Thursday, July 21, 2011

Why Vertical Antennas?

Why Vertical Antennas?

The selection of using vertical antennas was not a natural choice. The "conventional wisdom" for contest-expeditions and Dxpeditions was to use Yagi antennas when ever possible, regardless of the height. "Conventional wisdom" would tell you that a 3 ele Yagi at 25' to 30' high on 10m, 15m, or 20m would be the correct (if not only) choice.

When first researching our antenna selection, most of the major contesters in the USA said that the Caribbean stations ALWAYS came in at a high angle. Again, more "conventional wisdom" indicating that a low Yagi would be the best choice from Jamaica.

When we were running our propagation programs, the team noticed that the take off angle to the USA was actually a 1-hop LOW angle. Not the high angle that most people indicated. Which was right: conventional wisdom or the computer models?

In our first trip to Jamaica during the ARRL DX CW contest, the group used a blend of antennas:

  • Verticals for 40m-160m
  • Both a horizontal Yagi and vertical array for 20m
  • Yagis for 10m and 15m.

The use of Yagis on the high bands seemed appropriate, as we would elevate them between 0.5 and 1.0 wavelength high. The computer models indicated that the Yagi should perform OK.

While in Jamaica before the contest, the team ran extensive tests with the 20m 2 ele Yagi (45' high) and the 2 ele parasitic vertical array. The results were astonishing: of the hundreds of tests, there were only a handful of times the horizontal Yagi was better than the vertical array (and only by a small margin).

Most of the time the vertical array was 2 S-units stronger than the horizontal Yagi! In fact, there were many occasions when a signal was an honest S-9 on the verticals (on the FT1000-MP) and S-0 and almost unreadable on the horizontal Yagi. This extreme difference can only be attributed to a signal arriving at a VERY low angle, where the Yagi had little gain.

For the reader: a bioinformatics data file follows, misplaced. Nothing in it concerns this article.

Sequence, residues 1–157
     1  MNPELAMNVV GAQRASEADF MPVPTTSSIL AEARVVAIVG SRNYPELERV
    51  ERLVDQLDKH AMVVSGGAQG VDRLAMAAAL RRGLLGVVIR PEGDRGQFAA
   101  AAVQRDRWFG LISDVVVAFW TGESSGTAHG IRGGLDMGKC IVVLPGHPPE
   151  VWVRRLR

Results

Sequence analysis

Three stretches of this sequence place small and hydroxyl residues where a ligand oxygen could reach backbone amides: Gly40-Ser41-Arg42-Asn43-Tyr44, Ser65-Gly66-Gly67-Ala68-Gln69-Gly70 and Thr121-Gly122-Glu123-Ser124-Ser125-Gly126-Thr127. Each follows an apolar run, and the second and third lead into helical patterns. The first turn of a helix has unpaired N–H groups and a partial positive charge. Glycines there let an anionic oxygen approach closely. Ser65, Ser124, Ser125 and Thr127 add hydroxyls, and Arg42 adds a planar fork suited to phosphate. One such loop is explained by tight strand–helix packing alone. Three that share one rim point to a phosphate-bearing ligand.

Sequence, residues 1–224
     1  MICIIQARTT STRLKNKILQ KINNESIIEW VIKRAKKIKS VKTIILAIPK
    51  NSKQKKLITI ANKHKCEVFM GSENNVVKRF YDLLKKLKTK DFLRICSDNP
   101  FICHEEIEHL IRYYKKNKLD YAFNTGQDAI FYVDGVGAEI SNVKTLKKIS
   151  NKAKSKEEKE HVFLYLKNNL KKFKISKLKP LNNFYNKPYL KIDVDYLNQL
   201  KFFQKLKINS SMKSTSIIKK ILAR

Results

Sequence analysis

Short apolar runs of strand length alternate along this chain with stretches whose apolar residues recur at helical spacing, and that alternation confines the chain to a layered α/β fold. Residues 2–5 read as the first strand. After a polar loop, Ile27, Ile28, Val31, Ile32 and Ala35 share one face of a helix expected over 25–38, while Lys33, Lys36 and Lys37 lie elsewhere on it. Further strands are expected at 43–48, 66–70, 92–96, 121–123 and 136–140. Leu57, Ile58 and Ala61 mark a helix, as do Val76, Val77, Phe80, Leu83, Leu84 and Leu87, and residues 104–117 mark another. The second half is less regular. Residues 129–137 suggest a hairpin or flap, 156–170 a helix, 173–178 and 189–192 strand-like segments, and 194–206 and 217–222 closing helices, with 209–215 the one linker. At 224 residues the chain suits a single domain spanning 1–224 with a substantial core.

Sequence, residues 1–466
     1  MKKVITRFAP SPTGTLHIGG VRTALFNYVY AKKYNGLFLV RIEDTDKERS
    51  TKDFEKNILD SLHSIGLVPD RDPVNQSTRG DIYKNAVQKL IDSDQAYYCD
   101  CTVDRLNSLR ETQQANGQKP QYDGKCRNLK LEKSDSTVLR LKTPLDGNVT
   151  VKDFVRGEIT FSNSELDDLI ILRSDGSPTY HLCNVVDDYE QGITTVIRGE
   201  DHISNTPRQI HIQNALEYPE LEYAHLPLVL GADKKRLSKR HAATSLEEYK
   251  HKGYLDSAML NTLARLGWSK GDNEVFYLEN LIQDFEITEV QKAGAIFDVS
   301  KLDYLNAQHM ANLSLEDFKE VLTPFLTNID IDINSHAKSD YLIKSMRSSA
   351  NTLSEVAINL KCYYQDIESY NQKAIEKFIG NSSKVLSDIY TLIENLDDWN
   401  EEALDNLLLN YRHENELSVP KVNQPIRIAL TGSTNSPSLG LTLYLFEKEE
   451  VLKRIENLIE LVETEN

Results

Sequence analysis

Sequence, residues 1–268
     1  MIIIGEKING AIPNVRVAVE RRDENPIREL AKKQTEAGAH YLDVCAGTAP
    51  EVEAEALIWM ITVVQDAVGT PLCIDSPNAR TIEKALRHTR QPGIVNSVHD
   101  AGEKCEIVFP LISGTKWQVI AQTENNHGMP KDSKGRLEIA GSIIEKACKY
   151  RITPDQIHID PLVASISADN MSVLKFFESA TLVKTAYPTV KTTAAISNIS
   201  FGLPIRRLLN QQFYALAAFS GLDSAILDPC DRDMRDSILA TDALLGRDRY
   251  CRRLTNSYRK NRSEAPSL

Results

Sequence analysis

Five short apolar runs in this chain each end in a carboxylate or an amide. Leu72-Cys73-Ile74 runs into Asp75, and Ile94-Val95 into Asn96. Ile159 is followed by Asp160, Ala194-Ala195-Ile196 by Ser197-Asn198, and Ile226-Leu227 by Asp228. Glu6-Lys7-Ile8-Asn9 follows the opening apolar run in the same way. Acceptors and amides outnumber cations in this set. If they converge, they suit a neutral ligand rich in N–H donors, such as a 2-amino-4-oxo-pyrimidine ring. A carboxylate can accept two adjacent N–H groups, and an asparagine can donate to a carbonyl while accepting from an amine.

These results, amidst many additional months of research, convinced the team that verticals by the ocean were the only logical choice for competitive contest-expeditions.

The following graphs were created by N6BV of the ARRL:

The first chart (below) shows an analysis of the take off angles from 6Y2A to Japan on 80m compared to various antenna choices.

First, let's look at the vertical bars (light blue). This is a statistical grouping of all take off angles between 6Y2A and Japan over all times of the sunspot cycle, over all months of the year, and over all conditions. The data is displayed in the percentage of times a signal will arrive at a given angle: right X-axis is the % of time, and the Y-axis is the take off angle.

Thus by looking at the first bar on the left, we can see that on average, signals will be arriving at 1 degree take off angle nearly 17% of the time. In fact, you can see that ALL signals will arrive at or below 13 degrees on all occasions. Those are very low angles!!

Overlaid on the take off angles are the elevation-plane analysis of standard 80m antennas. Lets look at the 80m dipole at 100' (pink with inverted triangles). By most standards, this is a very good antenna. But you can clearly see there is little gain at the low angles.

Next, look at the 1x2 verticals over good soil (2 ele parasitic vertical array). This antenna provides you with a large improvement over the dipole.

Now lets jump to the "ultimate" 80m antenna: a 3 element full size Yagi at 200'!! There aren't many of those around, and who ever uses them will rule the band! (based on conventional wisdom). The 3 ele Yagi really does a great job over most arriving signals.

But let's finally look at the 1x2 verticals over salt water (orange with circles). We can see that the verticals have a large advantage over the 80m Yagi at the very low angles. In this example, the verticals have a 16 dB improvement (3 S-units!) advantage over the Yagi. On the higher angles, the vertical still performs well. Overall, we believe the 2 ele vertical array over salt water is a better all around antenna than a full size 3 ele 80m Yagi at 200'!